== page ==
A draft report by the European Commission on Ireland's bailout programme has recommended major changes to deal with overspending.
The report is part of the assessment carried out every three months by the Troika since the bailout.
Today's report is the most hard hitting.
On the Croke Park deal, it suggests some allowances and salary scales could be cut back.
But it singles out health as a major problem area.
It recommends a new strict new regime for doctors prescribing medicines to cut costs.
The new suggested prescriptions would see doctors prescribing by active ingredients instead of using brand names of drugs as most do now.
It says there should be regular monitoring of doctors to check their compliance with the binding prescription guidelines.
The report says that spending on pharmaceuticals in Ireland is the highest in the EU.
It is deemed to be 34% above average while health outcomes are not better than the average.
In the report it points to the cost of drugs in Ireland have nearly tripled since from 2000 to 2008.
The report suggests where spending on drugs exceeds limits the money should be clawed back from the pharmaceutical companies.
It also says spending in the Department of Health overran partly because steps to contain costs which had been annouced were not fully taken.
The report indicates that discussions during the Troika mission evidenced that those commitments have been only partly implemented.
The Troika says steps to stop over spending must be swiftly and fully implemented.
It says public sector workers are paid more than equivalent workers in the private sector.
The report says there is no explanation for this difference.
Troika health recommendations
The draft report also suggests further opening the supply of labour for suitably qualified doctors from other countries.
It points out other countries, such as Britain, have a higher number of foreign doctors per head of population.
The report says: "There have been overruns in the health sector, which require durable reforms to reduce the risk of future spending pressures in this area."
It says the Government announced in July that it had taken steps to curb the overspending.
However, it adds: "Discussions during the [Troika] mission evidenced that those commitments have been only partly implemented, resulting in an estimated overrun of €370m through November 2012.
"The authorities have also begun an engagement with unions representing public servants including health sector workers, to seek additional savings from the public sector pay and pensions bill, along with additional productivity reforms (including hours worked).
"The mission took the view that all options should be kept on the table and that additional savings in the public sector pay bill should be made in a manner that does not compromise the delivery of key public services, including the option to review pay scales and allowances besides relying on further reductions in payroll numbers."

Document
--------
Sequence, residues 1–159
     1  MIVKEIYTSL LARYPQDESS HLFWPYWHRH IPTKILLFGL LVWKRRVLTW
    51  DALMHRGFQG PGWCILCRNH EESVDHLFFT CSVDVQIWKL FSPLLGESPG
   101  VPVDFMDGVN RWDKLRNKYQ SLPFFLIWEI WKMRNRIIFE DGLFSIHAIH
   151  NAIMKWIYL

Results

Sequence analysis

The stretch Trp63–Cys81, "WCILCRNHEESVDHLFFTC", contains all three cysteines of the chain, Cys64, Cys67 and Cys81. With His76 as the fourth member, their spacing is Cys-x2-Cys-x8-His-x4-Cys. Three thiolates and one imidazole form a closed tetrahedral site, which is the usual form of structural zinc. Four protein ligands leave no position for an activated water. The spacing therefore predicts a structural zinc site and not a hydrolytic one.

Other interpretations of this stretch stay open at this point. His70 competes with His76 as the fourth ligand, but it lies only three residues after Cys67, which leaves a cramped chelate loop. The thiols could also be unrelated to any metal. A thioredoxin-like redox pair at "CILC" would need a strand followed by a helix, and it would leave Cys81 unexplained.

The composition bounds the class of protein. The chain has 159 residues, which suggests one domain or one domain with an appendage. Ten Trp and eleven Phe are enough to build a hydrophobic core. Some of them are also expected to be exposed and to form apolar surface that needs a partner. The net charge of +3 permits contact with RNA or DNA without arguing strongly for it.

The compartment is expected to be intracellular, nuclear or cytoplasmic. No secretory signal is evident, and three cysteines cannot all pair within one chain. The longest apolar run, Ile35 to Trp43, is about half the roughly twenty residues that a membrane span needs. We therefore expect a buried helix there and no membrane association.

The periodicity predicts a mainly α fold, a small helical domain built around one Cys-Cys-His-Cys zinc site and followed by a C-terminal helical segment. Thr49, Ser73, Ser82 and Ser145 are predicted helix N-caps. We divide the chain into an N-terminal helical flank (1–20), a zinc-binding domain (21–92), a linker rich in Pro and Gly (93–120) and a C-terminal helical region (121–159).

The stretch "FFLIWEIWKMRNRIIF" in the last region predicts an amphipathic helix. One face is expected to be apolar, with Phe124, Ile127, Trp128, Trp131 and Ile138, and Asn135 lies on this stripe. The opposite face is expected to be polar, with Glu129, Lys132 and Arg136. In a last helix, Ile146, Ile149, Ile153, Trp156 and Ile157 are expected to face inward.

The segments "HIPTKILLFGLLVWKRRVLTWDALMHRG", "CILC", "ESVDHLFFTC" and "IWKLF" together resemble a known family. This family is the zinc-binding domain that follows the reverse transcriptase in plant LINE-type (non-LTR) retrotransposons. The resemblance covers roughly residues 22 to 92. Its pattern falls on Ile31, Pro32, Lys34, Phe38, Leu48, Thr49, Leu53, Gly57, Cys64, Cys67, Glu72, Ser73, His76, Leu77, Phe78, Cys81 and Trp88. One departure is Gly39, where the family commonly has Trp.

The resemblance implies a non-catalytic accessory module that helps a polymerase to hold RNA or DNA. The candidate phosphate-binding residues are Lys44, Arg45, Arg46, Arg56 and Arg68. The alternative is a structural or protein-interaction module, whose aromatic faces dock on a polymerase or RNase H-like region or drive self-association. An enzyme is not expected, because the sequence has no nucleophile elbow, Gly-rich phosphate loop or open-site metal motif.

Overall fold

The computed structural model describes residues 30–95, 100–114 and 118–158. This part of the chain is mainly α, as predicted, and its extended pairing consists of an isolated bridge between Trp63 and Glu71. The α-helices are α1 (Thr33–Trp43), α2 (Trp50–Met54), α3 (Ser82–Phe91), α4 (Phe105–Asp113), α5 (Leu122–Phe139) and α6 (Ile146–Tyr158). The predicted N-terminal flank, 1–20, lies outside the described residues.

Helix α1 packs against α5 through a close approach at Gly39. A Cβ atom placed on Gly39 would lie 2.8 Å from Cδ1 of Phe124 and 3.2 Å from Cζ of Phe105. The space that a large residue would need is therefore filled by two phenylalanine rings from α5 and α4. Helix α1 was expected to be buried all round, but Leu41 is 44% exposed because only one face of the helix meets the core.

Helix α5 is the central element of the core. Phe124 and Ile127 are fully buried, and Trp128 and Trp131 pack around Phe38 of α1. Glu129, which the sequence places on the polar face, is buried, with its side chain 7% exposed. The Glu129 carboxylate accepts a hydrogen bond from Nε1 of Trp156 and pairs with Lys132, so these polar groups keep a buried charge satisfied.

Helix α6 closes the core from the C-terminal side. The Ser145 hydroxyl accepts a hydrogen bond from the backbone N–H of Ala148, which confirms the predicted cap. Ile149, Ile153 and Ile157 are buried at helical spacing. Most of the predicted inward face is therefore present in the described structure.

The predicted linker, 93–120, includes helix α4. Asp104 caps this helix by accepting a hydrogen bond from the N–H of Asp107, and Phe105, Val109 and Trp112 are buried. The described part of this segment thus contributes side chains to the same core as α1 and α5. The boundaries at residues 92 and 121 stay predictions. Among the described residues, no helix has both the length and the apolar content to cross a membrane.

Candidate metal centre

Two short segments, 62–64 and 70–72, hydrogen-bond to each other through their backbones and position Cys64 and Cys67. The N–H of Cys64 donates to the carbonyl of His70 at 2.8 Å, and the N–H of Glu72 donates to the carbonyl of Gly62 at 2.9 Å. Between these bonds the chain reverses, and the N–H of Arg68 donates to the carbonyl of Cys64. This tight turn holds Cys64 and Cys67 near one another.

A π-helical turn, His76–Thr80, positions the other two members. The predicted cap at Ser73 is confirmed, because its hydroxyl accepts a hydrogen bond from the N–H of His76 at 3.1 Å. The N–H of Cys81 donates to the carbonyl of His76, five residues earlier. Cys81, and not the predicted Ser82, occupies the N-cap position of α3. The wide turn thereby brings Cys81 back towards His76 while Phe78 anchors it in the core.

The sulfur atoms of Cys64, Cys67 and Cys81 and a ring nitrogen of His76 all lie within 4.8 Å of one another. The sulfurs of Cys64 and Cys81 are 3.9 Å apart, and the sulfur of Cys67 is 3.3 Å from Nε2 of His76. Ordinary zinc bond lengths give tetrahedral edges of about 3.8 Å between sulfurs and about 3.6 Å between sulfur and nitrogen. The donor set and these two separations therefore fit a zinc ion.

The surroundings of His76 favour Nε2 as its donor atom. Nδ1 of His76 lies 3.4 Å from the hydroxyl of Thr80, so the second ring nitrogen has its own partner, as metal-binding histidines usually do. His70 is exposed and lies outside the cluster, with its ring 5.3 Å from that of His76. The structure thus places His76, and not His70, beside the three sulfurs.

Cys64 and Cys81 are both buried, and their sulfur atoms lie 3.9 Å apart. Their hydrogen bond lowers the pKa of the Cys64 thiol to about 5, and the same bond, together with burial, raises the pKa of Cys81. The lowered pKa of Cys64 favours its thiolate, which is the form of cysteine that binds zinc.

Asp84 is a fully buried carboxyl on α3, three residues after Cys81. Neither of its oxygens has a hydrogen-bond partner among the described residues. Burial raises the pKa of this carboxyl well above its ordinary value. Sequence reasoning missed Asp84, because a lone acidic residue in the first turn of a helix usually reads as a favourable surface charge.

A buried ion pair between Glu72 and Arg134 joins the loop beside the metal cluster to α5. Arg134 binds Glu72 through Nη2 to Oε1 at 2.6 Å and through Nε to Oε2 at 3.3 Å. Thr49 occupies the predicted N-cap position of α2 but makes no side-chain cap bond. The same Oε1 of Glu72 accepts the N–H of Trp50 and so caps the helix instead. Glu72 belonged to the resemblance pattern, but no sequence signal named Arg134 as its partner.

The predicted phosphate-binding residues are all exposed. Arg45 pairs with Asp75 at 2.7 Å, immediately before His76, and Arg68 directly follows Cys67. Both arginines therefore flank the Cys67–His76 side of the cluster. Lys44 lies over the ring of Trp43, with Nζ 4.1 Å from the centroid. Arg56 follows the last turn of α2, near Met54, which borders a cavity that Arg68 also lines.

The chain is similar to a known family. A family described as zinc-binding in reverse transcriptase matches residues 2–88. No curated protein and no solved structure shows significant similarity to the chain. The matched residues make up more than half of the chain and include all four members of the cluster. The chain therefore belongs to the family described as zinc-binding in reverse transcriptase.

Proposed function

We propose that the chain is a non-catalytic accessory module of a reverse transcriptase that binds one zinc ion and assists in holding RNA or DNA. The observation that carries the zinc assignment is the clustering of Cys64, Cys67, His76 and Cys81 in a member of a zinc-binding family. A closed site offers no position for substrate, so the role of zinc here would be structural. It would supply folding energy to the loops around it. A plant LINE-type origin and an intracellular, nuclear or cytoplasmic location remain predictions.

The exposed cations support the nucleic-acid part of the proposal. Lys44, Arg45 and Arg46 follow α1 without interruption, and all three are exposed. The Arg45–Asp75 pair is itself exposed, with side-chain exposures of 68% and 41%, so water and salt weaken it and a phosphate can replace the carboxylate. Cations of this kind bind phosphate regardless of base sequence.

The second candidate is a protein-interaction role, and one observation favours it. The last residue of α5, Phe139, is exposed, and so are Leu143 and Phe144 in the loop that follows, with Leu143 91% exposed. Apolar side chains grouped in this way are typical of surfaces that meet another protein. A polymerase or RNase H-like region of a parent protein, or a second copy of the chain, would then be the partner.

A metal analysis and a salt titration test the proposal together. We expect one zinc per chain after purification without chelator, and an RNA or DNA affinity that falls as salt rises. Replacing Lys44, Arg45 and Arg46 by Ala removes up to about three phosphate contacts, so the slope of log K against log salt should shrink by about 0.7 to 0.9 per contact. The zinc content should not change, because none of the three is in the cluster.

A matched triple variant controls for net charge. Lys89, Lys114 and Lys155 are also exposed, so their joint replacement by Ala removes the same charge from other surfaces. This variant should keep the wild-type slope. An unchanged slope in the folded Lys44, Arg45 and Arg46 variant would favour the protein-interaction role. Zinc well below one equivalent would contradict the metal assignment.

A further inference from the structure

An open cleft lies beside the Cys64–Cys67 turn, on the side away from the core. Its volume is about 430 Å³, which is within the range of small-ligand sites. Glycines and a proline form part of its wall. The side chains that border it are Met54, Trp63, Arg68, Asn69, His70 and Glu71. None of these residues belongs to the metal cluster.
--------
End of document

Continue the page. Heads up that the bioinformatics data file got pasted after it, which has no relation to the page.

The document shows that the European Commission has also cut its growth forecast for Ireland for 2013 from GDP growth of 1.4% to 1.1%.
It says that the Department of Finance is "more optimistic on GDP growth" than the European Commission.
Meanwhile, The Irish Medical Organisation has said it has wanted to change the way drugs are prescribed here for some time.
It claimed that the Department of Health has not engaged with doctors.
Chairman of the IMO's General Practitioner committee Raymond Walley said that the IMO was willing to discuss drug prescriptions.
He said the notion of generic prescribing exists in other jurisdictions and many GPs in Ireland did so already.
On the matter of GPs being required to prescribe drug ingredients rather than brandnames, Dr Walley said it depended how specific the Troika wanted doctors to be.
He said people can have reactions to different brands and that there would have to be a degree of flexibility for the safety of patients.
On the issue of qualified doctors being brought in from abroad, Dr Walley said Ireland had always been an open market for the supply of GPs.
He continued, that Irish trainees were leaving because salaries were higher elsewhere and health services were better, in that they were not as stressful a work environment as the Irish health service.
Dr Walley also said the IMO had met with the Department of Health two days ago and none of the issues mentioned in the Troika report had been raised with them at that point.